- HEAT! Having a warmer environment in your shop is extremely beneficial when finishing in the winter. However, as most guys don't have central heating in their facility, you'll have to be creative in order to achieve the best finish. We strongly discourage using any type of catalyst propane heater (the "jet engine" models come to mind) when working with solvent based coatings. Recipe for disaster. Start by opening south-, east-, and westward facing doors as soon as the sun hits so you can get some much needed heat into your shop. The best solution is using shortwave infrared heating lamps during cold mornings. These shortwave lamps are derived from the more intense longwave lamps used to cure automotive finishes. The shortwave lamps are safer to use around lower temperature, single component wood coatings that tend to bubble and wrinkle under higher temperatures. Using a lamp on your surface before spraying is a great way to start, and putting the lamp over the material after application will cure the coating faster while also helping to level more effectively.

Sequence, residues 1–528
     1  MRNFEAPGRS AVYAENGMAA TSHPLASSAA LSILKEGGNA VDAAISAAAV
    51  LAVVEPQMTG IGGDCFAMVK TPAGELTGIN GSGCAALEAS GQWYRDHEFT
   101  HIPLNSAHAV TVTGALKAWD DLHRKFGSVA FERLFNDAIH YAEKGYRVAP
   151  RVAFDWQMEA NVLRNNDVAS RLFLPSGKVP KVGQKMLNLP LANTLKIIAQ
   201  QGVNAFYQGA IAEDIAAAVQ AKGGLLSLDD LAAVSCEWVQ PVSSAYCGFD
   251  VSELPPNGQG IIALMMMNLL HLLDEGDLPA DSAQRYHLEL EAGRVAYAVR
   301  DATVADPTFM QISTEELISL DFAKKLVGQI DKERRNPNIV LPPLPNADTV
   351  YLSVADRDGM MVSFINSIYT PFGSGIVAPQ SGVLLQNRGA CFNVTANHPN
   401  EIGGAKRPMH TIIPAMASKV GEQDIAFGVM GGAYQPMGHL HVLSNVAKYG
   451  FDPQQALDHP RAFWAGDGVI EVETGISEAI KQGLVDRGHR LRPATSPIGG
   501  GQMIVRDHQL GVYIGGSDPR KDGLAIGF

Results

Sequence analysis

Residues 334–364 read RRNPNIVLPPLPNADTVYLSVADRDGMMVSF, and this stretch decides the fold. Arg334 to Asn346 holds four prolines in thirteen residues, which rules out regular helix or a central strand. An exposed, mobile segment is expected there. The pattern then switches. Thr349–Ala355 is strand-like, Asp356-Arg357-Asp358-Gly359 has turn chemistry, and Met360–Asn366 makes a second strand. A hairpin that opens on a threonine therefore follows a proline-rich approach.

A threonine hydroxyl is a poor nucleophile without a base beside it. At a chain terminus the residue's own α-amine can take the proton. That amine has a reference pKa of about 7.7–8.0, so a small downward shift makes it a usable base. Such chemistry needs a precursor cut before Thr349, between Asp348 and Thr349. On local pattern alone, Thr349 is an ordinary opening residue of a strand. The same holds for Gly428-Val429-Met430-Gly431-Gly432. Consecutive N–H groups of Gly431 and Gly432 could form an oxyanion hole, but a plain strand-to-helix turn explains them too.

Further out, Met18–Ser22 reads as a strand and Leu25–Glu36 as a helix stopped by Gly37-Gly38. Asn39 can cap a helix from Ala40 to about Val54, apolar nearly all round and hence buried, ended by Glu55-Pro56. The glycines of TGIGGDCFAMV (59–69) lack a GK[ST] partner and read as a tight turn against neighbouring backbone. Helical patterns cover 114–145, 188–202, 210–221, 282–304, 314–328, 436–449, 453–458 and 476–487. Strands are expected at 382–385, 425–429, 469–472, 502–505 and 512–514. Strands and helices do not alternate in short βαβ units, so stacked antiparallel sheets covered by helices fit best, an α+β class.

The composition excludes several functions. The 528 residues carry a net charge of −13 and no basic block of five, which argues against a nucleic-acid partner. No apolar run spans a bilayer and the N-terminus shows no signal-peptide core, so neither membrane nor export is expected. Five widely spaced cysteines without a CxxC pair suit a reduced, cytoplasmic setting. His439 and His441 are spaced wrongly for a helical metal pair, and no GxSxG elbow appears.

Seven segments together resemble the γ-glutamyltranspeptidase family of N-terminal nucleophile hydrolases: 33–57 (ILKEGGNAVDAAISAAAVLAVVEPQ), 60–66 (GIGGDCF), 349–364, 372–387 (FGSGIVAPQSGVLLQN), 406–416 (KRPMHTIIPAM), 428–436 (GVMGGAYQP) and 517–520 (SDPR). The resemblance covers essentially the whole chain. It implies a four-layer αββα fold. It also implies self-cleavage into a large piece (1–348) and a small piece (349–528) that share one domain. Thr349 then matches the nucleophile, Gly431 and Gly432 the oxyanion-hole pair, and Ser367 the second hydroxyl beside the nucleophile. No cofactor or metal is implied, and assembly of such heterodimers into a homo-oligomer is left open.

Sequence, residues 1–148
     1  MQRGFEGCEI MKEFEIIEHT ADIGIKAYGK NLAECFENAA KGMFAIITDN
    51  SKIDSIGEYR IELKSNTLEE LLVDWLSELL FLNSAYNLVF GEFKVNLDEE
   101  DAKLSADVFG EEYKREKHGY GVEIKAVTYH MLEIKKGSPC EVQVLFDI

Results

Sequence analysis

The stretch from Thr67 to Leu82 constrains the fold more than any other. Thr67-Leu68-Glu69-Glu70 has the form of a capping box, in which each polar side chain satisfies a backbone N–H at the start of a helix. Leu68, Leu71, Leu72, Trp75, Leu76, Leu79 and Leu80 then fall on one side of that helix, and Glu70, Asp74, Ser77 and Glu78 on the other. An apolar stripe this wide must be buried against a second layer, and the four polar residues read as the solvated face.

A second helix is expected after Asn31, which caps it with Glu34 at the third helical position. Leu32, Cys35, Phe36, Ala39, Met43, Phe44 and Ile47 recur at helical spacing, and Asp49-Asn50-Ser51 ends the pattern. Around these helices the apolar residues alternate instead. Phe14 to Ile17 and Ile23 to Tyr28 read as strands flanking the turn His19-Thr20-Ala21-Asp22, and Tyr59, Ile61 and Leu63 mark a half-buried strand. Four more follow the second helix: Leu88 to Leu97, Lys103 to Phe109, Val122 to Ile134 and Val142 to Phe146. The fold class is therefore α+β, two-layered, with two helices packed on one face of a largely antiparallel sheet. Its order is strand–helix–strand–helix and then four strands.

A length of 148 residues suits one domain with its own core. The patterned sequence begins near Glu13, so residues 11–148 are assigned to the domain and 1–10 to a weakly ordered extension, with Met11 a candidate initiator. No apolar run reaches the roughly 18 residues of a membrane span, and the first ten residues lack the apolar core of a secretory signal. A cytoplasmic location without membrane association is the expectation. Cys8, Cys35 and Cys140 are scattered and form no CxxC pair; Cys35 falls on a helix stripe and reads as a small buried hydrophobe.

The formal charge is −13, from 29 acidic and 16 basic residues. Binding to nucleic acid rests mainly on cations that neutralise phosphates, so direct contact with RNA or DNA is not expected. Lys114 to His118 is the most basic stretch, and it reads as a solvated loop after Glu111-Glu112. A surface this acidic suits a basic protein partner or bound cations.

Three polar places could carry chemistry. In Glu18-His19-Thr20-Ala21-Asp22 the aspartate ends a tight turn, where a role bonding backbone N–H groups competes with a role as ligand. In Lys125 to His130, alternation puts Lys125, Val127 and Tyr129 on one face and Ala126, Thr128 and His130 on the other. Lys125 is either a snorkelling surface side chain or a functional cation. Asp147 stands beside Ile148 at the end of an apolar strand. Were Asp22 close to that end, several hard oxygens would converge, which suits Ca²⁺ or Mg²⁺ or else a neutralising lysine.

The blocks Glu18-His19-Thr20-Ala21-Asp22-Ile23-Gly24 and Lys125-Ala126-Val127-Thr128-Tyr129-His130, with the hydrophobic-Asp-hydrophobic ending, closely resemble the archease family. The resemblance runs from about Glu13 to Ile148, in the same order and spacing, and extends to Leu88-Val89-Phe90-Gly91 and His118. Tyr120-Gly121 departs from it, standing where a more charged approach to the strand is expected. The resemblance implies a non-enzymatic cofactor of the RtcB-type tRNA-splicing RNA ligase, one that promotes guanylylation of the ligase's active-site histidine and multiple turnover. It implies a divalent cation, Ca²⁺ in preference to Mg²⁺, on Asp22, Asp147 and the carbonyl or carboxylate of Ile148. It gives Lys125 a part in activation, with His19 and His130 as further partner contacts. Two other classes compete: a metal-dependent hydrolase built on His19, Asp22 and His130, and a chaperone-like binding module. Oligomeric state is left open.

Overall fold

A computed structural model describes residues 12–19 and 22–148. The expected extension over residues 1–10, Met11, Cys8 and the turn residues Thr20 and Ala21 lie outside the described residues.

- Just as solvent additives can correct the issues we see during the summer, the are also important for solving problems in the winter. With colder temperatures, we are looking for additives that decrease viscosity while also allowing the lacquer to flow better after being sprayed. These additives also increase the time before the coating "skins" over and will help prevent orange peel from appearing in our final finish. The lower the evaporation ratio number (the closer to 0, the better), the slower the solvent evaporates from the coating, giving a longer open time for improved leveling. Adding any of the following solvents, aside from Acetone, will change the VOC of your coating. Check local regulations to ensure you will remain compliant.